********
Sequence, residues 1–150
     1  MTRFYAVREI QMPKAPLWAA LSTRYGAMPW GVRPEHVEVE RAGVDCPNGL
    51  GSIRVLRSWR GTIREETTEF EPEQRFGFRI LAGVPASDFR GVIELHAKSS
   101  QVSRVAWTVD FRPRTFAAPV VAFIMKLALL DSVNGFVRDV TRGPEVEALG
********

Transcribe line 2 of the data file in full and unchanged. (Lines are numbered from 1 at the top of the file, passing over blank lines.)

     1  MTRFYAVREI QMPKAPLWAA LSTRYGAMPW GVRPEHVEVE RAGVDCPNGL